Generative AI Will Change the Innovator’s Role: Three Strategies Companies Should Take

By Rubén Mancha, Babson College |  May 21, 2024

While AI in general has been around since the late 1950s, we have seen a rapid evolution in recent years. We are well beyond Netflix’s recommendation system and social media feeds.

Generative AI, a different kind of AI, is at the forefront of the AI revolution we are experiencing. A generative AI creates new data that resembles its training data. That gives generative AI the ability to produce new content: acting on a prompt as an example of what we expect as an output, a model generates an answer as a continuation of it. In other words, like a person, a generative AI model can craft a response that is coherent, contextually appropriate, and often indistinguishable from human output. In the generative AI models we experience today, like ChatGPT 4 and Claude, users interact with AI through prompts, refining outputs iteratively.

Rubén Mancha, Associate Professor of Information Systems, Operations and Information Management Division, Babson College

A leap in generative AI is the development of agents that can complete tasks independently, incrementally completing sequences of them, and delivering final products. These generative AI agents will reduce the need for human intervention, allowing the human collaborator to focus on decision-making and higher-level strategy tasks.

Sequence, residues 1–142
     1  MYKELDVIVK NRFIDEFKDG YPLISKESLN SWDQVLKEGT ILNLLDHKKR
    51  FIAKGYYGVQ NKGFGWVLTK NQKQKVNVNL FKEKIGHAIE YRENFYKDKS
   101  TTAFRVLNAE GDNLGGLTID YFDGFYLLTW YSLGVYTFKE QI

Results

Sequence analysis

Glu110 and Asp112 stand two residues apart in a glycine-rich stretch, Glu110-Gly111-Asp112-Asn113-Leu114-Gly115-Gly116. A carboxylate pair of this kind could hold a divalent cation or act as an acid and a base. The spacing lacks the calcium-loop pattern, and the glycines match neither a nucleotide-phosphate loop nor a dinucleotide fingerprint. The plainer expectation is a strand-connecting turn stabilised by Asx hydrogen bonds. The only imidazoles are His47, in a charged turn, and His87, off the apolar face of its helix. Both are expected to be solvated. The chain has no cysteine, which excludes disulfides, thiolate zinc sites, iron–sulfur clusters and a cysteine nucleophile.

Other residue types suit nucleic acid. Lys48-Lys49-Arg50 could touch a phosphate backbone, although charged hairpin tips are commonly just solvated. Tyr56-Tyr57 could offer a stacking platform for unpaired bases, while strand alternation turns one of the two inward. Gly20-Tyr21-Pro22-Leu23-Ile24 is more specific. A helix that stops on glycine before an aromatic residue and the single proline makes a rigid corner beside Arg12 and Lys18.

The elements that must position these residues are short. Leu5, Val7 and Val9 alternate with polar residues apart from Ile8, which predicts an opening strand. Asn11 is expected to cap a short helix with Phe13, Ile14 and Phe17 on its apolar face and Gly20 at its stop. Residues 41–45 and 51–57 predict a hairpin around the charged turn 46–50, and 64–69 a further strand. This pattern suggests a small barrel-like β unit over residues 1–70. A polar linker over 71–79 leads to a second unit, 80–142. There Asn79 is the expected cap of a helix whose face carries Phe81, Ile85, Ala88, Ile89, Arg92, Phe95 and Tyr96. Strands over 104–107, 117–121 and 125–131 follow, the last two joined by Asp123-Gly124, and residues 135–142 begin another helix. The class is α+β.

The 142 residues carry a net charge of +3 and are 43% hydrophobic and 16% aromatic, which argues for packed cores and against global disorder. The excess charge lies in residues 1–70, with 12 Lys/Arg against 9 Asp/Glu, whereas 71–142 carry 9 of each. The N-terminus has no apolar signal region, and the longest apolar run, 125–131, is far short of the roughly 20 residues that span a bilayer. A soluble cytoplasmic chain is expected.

Like earlier general-purpose technologies, generative AI’s rapid evolution generates both excitement for new opportunities and concerns about its impact. AI can automate tasks that require intellectual skills, which can be unsettling for workers. Without a doubt, AI will shift the nature of job tasks and create new ones. In other situations, as we have started to see in customer service roles, generative AI agents will fully replace workers. However, companies that master AI innovation (both innovation processes and outcomes) are poised to create great value for the market and for themselves.

If companies want to make the most of AI, they must invest in developing the AI applications that are relevant to their strategy, invest in developing their workforce, and redesign organizational processes.  

Schneider Electric, a global energy management and automation company, has prioritized people over technology, establishing clear guidelines and support to ensure the successful integration and adoption of generative AI technologies. This comprehensive approach includes upskilling the workforce and transforming operational processes to maximize the benefits of generative AI.

If companies want to make the most of AI, they must invest in developing the AI applications that are relevant to their strategy, invest in developing their workforce, and redesign organizational processes.  

Generative AI Will Transform Corporate Innovation Roles

Generative AI can complete multiple tasks across the innovation process, reshaping the innovation practice and the roles of those responsible for organizational innovation. For example, it helps with the generation of ideas, accelerates the design and prototyping of minimum viable products, and helps in the commercialization of innovations. In addition, generative AI can enhance the collaboration between innovation workers, allowing the innovation practice to accelerate. Innovation executives should pay particular attention to three ways in which generative AI will change the innovation roles. For each, I propose a key strategic action.